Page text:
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July 31, 2009


chris kubica

IS TEV on twitter? if so, where?


I do not tweet, alas. I have an account - MarkSarvas - but I do not use it.

susan messer

Thank you for that. Amazing and fresh. How did you come across Anastas? I'm almost speechless at how perfect this passage seems to me.


It actually came to me from his publishers (along with a zillion other books) but the title caught my eye, and I started reading and, like you, was taken right in.

susan messer

I kept thinking about this passage and had to come back to say that I finally found words to describe what's so wonderful about it. Anastas accomplished the thing that writing is "supposed to" accomplish: It showed me something I've always known but never saw before.

It's interesting that among the zillion books, your eye landed on this one. One might say that because you've just had a child, it would particularly speak to you. But (arguing against that), my daughter is 21, and it still resonated powerfully.

Anyway, this is a good example of why you get those zillion books, because just by posting that passage, Anastas had made a sale. I'm definitely going to buy that book. (But I hope that doesn't mean you'll now start getting TWO zillion books.)

sam adler

read the book! it's great.

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  • The Elegant Variation is "Fowler’s (1926, 1965) term for the inept writer’s overstrained efforts at freshness or vividness of expression. Prose guilty of elegant variation calls attention to itself and doesn’t permit its ideas to seem naturally clear. It typically seeks fancy new words for familiar things, and it scrambles for synonyms in order to avoid at all costs repeating a word, even though repetition might be the natural, normal thing to do: The audience had a certain bovine placidity, instead of The audience was as placid as cows. Elegant variation is often the rock, and a stereotype, a cliché, or a tired metaphor the hard place between which inexperienced or foolish writers come to grief. The familiar middle ground in treating these homely topics is almost always the safest. In untrained or unrestrained hands, a thesaurus can be dangerous."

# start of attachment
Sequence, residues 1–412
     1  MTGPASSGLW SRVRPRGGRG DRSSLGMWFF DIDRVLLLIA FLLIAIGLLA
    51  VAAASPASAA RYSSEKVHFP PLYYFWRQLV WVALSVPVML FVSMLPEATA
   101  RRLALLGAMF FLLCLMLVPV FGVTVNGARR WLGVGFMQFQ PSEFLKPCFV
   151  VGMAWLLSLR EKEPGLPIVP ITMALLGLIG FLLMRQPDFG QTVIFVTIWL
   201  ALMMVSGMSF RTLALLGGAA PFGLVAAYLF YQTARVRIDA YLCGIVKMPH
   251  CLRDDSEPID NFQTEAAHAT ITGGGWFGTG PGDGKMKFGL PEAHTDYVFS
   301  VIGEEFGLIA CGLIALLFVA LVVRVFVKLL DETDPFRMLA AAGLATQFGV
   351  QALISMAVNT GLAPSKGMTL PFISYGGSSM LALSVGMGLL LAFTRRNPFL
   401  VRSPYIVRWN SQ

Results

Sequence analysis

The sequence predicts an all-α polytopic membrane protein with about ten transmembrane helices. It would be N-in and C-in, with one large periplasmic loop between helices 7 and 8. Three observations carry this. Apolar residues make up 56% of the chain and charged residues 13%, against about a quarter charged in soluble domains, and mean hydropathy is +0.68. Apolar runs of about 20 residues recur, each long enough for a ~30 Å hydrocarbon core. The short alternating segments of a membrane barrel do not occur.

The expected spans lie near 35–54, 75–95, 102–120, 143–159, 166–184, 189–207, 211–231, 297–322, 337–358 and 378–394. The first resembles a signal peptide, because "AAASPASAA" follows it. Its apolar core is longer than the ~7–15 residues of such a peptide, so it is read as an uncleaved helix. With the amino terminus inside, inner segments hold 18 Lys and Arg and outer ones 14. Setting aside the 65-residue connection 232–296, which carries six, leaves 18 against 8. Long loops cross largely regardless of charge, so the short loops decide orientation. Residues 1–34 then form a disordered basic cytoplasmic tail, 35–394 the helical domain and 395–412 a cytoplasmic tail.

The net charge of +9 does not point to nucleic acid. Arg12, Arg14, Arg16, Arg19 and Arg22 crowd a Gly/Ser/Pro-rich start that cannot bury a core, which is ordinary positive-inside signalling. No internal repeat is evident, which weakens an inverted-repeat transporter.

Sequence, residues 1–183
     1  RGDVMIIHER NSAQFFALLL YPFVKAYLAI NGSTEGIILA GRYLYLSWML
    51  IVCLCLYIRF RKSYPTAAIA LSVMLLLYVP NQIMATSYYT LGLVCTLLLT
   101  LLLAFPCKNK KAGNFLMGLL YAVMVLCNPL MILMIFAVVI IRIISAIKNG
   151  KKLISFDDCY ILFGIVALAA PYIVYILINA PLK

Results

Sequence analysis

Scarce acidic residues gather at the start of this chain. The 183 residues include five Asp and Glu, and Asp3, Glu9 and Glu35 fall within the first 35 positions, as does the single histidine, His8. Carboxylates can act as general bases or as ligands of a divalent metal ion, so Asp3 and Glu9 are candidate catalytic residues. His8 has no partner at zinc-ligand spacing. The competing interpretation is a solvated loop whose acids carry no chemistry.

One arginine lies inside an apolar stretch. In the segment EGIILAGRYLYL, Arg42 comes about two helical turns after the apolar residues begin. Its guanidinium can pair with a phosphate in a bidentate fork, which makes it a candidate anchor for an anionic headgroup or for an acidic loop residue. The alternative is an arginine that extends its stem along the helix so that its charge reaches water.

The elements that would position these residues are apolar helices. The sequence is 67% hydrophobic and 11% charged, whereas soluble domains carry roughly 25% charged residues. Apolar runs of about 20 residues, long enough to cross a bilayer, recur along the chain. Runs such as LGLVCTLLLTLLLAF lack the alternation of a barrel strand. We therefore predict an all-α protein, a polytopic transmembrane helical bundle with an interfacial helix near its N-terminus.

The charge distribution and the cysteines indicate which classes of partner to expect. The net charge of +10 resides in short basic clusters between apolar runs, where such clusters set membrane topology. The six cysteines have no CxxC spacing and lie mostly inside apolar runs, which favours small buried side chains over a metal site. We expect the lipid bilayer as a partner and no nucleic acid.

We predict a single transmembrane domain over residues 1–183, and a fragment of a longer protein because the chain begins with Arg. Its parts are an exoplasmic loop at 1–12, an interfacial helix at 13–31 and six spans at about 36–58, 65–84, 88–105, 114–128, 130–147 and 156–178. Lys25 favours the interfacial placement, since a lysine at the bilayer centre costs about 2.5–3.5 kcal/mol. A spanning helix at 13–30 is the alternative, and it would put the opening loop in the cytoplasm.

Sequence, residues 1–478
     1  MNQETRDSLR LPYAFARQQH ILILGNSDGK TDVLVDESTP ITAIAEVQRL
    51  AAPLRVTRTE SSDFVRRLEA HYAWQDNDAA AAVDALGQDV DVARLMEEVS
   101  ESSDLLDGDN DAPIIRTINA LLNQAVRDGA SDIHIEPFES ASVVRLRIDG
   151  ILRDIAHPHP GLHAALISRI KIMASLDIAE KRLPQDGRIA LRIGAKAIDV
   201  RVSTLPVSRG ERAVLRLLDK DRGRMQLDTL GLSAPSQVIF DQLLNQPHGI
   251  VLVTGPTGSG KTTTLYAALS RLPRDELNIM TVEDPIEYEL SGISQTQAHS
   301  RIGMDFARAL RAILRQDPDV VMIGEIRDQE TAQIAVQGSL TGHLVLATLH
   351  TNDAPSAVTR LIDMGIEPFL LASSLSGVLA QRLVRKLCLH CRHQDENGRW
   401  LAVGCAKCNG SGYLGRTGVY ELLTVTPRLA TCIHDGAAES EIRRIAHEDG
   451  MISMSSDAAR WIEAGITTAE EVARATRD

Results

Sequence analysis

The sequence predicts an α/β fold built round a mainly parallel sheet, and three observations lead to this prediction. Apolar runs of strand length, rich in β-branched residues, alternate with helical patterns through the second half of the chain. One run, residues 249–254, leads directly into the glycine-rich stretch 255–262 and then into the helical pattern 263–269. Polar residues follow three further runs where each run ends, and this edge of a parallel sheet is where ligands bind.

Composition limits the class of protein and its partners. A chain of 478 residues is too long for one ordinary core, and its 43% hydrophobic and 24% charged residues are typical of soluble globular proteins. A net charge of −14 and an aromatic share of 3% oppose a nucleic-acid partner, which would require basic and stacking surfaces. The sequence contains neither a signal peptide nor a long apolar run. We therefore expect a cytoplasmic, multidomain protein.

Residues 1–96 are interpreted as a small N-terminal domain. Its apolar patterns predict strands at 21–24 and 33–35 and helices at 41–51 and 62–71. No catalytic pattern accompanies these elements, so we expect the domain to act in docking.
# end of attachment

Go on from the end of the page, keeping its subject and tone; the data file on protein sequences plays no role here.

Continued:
• The Bookshop by Penelope Fitzgerald


    Penelope Fitzgerald's second novel is the tale of Florence Green, a widow who seeks, in the late 1950s, to bring a bookstore to an isolated British town, encountering all manner of obstacles, including incompetent builders, vindictive gentry, small minded bankers, an irritable poltergeist, but, above all, a town that might not, in fact, want a bookshop. Fitzgerald's prose is spare but evocative – there's no wasted effort and her work reminds one of Hemingway's dictum that every word should fight for its right to be on the page. Florence is an engaging creation, stubbornly committed to her plan even as uncertainty regarding the wisdom of the enterprise gnaws at her. But The Bookshop concerns itself, finally, with the astonishing vindictiveness of which provincials are capable, and, as so much English fiction must, it grapples with the inevitabilities of class. It's a dense marvel at 123 pages, a book you won't want to – or be able to – rush through.
  • The Rider by Tim Krabbe


    Tim Krabbé's superb 1978 memoir-cum-novel is the single best book we've read about cycling, a book that will come closer to bringing you inside a grueling road race than anything else out there. A kilometer-by-kilometer look at just what is required to endure some of the most grueling terrain in the world, Krabbé explains the tactics, the choices and – above all – the grinding, endless, excruciating pain that every cyclist faces and makes it heart-pounding rather than expository or tedious. No writer has better captured both the agony and the determination to ride through the agony. He's an elegant stylist (ably served by Sam Garrett's fine translation) and The Rider manages to be that rarest hybrid – an authentic, accurate book about cycling that's a pleasure to read. "Non-racers," he writes. "The emptiness of those lives shocks me."